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What is the gravitational field ?

  1. Jun 14, 2010 #1
    I have read the papers of Verlinde, Jacobson, Beckenstein, Smoot and many other. They use the Unruh vacuum. It seems that Unruh vacuum is nothing but a thermal vacuum in the sense of thermodynamics. It contains vacuum fluctuations creating the virtual particle-antiparticle pairs. Verlinde wrote that gravity is an entropic force.
    Does it mean the gravitational field is an equivalent to the entropy of the vacuum with its virtual particles-antiparticles ?
    If the gravity is relatively measured what about the density of the vacuum (virtual particle-antiparticle pairs) ?
  2. jcsd
  3. Jun 14, 2010 #2
    I think in general "yes" but am unsure why you mention particle antiparticle pairs. I don't know if you are implying they are especially relevant.

    Have you seen this thread:

    and the reference cited in post #5:

    "It From Bit - Entropic Gravity For Pedestrians"
    -- http://www.scientificblogging.com/ha...ty_pedestrians

    which says this about a simple model tetrahedron universe:

    (but which Marcus may not buy, I'm not sure,)

    which makes sense if you buy that entropy (states) tends to increase over time....

    I don't know if the example is accurate, and the illustration relevent, but it sure is conceptually understandable....
    Last edited by a moderator: Apr 25, 2017
  4. Jun 14, 2010 #3
    Verlinde says that gravity [and mass and position, and other constituents of our universe, say forces for example] are emergent macroscopic manifestations of a vastly larger microscopic degrees of freedom...."it from bit" is how Wheeler summarized it. As entropy increases, things appear ..are manifested....on the macroscopic scale...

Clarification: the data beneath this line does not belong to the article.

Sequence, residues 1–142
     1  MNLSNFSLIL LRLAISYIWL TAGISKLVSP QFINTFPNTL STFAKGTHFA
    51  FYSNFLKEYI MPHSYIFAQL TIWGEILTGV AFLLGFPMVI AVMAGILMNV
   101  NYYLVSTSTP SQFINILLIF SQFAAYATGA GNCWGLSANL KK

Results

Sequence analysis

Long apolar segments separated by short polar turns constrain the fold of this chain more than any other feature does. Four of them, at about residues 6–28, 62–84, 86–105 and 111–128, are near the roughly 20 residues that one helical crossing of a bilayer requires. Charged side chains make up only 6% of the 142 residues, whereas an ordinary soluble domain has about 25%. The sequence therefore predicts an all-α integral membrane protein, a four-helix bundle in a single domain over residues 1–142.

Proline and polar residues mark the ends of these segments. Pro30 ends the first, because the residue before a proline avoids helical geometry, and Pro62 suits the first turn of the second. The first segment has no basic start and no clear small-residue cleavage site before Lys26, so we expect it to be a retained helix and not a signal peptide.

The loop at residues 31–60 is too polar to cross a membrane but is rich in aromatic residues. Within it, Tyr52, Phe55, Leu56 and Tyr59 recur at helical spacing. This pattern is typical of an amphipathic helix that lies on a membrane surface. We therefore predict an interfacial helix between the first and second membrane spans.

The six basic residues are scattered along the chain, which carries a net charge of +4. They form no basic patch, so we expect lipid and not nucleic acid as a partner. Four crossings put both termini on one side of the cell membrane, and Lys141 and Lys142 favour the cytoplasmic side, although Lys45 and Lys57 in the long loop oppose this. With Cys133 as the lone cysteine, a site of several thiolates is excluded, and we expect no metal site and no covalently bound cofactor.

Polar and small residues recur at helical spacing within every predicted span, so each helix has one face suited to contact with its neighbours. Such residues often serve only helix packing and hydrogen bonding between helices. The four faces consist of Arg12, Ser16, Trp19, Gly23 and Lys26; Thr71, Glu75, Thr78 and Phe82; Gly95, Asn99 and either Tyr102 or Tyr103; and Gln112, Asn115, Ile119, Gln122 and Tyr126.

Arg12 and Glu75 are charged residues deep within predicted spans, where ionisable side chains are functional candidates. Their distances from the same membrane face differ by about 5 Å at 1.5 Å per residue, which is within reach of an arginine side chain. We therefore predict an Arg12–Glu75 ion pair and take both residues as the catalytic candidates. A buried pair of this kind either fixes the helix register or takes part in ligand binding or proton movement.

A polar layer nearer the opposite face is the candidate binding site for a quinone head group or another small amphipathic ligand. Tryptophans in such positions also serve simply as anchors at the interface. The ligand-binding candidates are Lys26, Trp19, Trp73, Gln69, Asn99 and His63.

In the little "it from bit" tetrahedon example the blogger assumes the particles already exist....I don't know the implications of the different assumptions....:

    Verlinde makes certain assumptions, like space is emergent, time exists....around minute 13) I have no idea what happens to his ideas if he reverses those assumptions, for example...and as noted in the referenced thread above, others see omissions and maybe flaws in his arguments....

    I sure don't fully understand all that is being implied, but ADS/CFT correspondence has always suggested to me a deep (as yet not understood) underlying connection between dimensional space and gravity....and it's connection with the holographic principle and Beckensteins work seems to tie in bits as well...
  5. Jun 15, 2010 #4
    Thank you Naty1 for the links.There are so many ideas now.
    My question about virtual particle-antiparticle pairs in the vacuum is because of the quantum information amount. We calculate the amount of the information on the surface of the event horizon (Surface/4 Planck length squared). How to calculate this number in our 3D space ?
    I think the Compton wave length is here important and may be we may calculate the discretness of the space this way.
    If the vacuum is a medium for the light so we have to calculate the approximate, relative density of the vacuum build of virtual appearing and disappearing virtual pairs.
  6. Jun 18, 2010 #5
    I think we have a language barrier here.

    Quantum information and the holographic principle are not directly related to particle/antiparticles....although quantum thoery underlies them ....I understand none of the rest of the last post....
  7. Jun 18, 2010 #6
    It is just my question. Is it a possibility to refer the quantum information with the virtual particle and antiparticle ?
    May be it is strange but if we can calculate the amount of the information in bits on the surface of the event horizon so we have to calculate it in 3D space too.
    Virtual particles are not defined but what is their origin ?
    I assume the Compton wave length of the particle is non-local and it has to manifest its existence anyway. May be this manifestation are the virtual particles and antiparticles.
    Is it any eqivalence there ?
    We can calculate amount of the non-local Compton waves if we know the length of the wave and the distance between particle and observer.
    Compton wave length is in all quantum calculations.
  8. Jun 27, 2010 #7
    Sorry I have no idea what most of your questions mean....maybe a language barrier?
  9. Jun 27, 2010 #8


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    This is your first post heading this thread. It is interesting that you did not mention geometry.

    One way to think of the gravitational field (probably the standard way that experts have looked at it since 1915 GR appeared) is that the gravitational field is the spacetime geometry.